Contemporary fantasyContemporary fantasy is a subgenre of fantasy, also known as Contemporary urban fantasy, Modern-day fantasy, or Indigenous fantasy. These terms are used to describe stories set in the putative real world (often referred to as consensus reality) in contemporary times, in which, it is revealed, magic and magical creatures exist, either living in the interstices of our world or leaking over from alternate worlds. It thus has much in common with, and sometimes overlaps with, secret histories.
Novels in which modern characters travel into alternate worlds, and all the magical action takes place there (except for the portal required to transport them), are thus not considered contemporary fantasy.
Contemporary fantasy is also to be distinguished from horror fiction, which also often has contemporary settings. When encountering magical events and creatures, the protagonist of a horror novel is horrified, while the protagonist of a fantasy novel (contemporary or otherwise) is filled with a sense of joy and wonder. Horrifying events may happen, but the fundamental distinction is vital.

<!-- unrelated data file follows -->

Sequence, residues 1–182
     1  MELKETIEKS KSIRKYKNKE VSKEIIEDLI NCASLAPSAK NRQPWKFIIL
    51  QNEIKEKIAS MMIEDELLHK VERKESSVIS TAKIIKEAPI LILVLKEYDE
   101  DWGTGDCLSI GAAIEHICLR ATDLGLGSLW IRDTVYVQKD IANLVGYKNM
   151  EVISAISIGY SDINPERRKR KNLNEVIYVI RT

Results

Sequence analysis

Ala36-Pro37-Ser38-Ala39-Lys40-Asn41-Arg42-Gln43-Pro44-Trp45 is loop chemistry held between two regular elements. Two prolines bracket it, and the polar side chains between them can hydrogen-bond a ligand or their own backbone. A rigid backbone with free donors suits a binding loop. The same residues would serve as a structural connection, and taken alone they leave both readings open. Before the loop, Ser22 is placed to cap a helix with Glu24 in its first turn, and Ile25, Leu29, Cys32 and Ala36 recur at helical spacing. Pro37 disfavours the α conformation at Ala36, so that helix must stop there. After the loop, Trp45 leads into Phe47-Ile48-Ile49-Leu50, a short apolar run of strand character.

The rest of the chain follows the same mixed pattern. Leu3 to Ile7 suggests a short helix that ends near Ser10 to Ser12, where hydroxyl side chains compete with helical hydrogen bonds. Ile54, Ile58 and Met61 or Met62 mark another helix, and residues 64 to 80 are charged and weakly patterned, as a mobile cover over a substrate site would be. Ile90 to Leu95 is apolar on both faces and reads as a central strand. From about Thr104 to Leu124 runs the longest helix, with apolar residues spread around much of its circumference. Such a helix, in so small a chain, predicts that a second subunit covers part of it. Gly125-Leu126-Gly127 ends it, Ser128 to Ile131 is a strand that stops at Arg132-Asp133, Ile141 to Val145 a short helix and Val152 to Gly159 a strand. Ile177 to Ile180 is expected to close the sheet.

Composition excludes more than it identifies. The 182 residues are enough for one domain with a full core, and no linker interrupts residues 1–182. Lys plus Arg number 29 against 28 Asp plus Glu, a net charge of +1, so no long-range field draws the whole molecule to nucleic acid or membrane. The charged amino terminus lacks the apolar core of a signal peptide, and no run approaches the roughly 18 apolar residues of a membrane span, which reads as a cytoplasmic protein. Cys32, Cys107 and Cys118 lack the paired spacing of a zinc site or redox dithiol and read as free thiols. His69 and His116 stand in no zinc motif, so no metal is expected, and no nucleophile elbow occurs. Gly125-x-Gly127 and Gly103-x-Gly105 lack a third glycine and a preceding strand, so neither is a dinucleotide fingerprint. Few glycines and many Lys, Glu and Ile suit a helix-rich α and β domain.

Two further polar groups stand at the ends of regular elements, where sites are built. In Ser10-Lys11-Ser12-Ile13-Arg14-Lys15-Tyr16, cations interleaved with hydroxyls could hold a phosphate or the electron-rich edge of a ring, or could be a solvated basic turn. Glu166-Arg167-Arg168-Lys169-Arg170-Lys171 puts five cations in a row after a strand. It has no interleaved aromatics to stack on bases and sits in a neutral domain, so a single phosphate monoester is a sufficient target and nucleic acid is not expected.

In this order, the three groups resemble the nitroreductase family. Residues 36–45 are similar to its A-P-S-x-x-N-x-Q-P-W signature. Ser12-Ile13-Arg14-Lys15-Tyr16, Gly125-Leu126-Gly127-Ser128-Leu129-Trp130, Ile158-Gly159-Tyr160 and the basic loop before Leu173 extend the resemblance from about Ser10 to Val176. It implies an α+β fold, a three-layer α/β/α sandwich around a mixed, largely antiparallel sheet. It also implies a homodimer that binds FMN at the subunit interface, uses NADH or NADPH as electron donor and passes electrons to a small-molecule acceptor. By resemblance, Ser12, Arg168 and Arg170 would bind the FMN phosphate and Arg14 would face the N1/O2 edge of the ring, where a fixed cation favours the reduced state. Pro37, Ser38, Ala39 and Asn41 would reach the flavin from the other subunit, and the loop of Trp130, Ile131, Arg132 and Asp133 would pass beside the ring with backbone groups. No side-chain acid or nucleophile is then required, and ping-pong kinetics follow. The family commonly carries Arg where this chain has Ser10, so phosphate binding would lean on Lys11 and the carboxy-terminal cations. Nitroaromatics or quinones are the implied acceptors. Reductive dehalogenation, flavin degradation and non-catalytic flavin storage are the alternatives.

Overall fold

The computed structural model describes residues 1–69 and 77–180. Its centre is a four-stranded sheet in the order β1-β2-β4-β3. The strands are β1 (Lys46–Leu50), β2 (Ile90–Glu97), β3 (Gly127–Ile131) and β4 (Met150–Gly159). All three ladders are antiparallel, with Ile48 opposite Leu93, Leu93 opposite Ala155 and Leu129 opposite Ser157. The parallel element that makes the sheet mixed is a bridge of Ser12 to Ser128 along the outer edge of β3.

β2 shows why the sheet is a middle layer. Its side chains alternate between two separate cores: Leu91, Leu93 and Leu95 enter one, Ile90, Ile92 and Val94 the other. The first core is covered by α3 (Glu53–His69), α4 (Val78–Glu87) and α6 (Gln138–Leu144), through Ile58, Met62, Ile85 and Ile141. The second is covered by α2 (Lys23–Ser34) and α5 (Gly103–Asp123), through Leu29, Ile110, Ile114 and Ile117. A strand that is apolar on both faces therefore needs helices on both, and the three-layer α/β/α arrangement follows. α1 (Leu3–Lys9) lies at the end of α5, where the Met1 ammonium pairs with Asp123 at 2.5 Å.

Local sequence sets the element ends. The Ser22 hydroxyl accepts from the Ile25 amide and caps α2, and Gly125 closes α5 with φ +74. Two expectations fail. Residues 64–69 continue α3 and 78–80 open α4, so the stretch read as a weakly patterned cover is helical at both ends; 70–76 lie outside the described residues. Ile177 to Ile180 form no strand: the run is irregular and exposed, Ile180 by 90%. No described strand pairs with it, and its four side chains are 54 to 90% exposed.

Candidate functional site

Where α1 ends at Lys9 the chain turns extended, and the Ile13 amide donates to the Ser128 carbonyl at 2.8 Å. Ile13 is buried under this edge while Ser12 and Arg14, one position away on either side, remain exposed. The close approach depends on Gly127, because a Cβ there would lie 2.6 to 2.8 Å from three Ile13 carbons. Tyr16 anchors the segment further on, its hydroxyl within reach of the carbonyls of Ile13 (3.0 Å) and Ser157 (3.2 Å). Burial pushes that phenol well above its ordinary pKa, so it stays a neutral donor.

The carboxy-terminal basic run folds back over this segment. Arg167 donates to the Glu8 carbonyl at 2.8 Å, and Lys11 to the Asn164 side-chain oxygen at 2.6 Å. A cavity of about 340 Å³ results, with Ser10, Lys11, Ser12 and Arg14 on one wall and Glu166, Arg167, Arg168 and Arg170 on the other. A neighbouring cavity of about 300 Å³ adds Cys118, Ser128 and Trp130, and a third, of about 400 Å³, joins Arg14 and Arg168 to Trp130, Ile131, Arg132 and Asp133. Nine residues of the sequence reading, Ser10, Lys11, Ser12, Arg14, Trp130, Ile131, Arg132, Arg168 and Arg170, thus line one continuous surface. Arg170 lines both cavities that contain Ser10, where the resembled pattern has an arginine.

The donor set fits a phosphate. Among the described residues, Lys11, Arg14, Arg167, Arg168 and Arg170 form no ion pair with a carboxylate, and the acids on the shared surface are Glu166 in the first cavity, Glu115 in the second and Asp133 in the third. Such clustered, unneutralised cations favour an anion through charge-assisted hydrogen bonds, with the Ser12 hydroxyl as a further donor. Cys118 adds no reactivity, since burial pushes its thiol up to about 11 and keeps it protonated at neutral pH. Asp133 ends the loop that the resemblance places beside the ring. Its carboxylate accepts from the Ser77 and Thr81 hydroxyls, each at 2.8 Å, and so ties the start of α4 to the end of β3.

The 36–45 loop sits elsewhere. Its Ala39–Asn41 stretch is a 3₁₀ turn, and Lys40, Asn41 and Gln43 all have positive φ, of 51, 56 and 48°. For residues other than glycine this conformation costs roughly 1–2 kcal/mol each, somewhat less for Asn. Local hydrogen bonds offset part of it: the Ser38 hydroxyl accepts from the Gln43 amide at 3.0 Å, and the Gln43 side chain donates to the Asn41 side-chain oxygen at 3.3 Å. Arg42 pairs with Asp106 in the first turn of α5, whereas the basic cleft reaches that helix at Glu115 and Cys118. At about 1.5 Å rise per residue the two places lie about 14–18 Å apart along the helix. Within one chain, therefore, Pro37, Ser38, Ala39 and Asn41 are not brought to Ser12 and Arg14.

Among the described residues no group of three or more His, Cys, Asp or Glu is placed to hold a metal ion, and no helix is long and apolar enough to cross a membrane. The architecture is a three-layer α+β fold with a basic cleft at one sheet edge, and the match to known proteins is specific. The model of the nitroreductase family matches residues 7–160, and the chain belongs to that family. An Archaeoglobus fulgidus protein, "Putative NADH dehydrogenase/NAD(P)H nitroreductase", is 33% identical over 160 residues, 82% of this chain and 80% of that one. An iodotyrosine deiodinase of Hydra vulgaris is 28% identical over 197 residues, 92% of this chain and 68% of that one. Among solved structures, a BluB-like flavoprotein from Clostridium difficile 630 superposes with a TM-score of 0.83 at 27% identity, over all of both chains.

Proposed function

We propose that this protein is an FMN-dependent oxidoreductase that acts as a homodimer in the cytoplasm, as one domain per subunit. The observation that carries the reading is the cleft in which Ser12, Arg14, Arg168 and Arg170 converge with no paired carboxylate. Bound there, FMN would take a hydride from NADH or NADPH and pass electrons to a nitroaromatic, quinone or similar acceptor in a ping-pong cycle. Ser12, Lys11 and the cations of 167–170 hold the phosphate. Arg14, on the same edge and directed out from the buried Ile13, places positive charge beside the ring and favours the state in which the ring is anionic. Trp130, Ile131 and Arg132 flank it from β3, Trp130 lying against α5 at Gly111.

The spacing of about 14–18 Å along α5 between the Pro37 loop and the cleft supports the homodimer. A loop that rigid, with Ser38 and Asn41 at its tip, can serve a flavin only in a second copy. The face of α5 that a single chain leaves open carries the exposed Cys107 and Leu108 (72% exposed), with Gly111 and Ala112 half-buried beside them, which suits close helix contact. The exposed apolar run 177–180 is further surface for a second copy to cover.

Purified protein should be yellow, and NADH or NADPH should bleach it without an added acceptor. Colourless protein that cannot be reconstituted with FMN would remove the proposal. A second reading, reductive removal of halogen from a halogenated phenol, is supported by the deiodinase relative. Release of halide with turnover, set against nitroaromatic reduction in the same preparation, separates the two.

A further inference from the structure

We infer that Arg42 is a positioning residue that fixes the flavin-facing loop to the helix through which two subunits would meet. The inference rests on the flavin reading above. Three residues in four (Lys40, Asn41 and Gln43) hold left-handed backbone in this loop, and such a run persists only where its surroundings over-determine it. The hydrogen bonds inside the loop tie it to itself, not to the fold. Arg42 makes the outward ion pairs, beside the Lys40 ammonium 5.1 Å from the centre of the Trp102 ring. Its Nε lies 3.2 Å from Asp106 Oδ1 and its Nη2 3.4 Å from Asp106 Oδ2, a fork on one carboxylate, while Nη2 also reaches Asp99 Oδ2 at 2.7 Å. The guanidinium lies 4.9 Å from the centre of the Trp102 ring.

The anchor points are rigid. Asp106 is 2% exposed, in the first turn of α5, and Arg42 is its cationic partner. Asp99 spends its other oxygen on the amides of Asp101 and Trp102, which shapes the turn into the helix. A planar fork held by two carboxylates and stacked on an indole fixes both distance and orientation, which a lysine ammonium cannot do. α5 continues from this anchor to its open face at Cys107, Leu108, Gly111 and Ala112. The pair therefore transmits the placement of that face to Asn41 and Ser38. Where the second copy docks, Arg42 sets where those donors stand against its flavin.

Contemporary fantasies often concern places dear to their authors, are full of local color and atmosphere, and attempt to lend a sense of magic to those places.
Charles Williams, whose 1930s novels are mostly set in London, is called the father of contemporary fantasy. More recent notable authors include Charles de Lint (who uses a disguised Ottawa, Ontario as a setting) and Tim Powers (whose novels in this subgenre are mostly set in California). Other particularly notable contemporary fantasy novels include War for the Oaks by Emma Bull (set in Minneapolis, Minnesota) and The Folk of the Air by Peter S. Beagle (set in a disguised Berkeley, California). Neil Gaiman's American Gods and Neverwhere are also good examples of contemporary fantasy.